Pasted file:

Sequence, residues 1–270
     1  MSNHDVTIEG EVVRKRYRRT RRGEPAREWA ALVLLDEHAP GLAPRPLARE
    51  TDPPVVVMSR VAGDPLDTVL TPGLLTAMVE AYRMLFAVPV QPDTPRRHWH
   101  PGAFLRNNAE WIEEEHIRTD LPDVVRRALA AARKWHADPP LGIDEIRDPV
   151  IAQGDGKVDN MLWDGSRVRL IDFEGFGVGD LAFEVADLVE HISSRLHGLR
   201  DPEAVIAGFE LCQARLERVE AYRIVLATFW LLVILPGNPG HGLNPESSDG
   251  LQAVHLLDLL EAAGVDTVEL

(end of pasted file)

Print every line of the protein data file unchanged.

Sequence, residues 1–270
     1  MSNHDVTIEG EVVRKRYRRT RRGEPAREWA ALVLLDEHAP GLAPRPLARE
    51  TDPPVVVMSR VAGDPLDTVL TPGLLTAMVE AYRMLFAVPV QPDTPRRHWH
   101  PGAFLRNNAE WIEEEHIRTD LPDVVRRALA AARKWHADPP LGIDEIRDPV
   151  IAQGDGKVDN MLWDGSRVRL IDFEGFGVGD LAFEVADLVE HISSRLHGLR
   201  DPEAVIAGFE LCQARLERVE AYRIVLATFW LLVILPGNPG HGLNPESSDG
   251  LQAVHLLDLL EAAGVDTVEL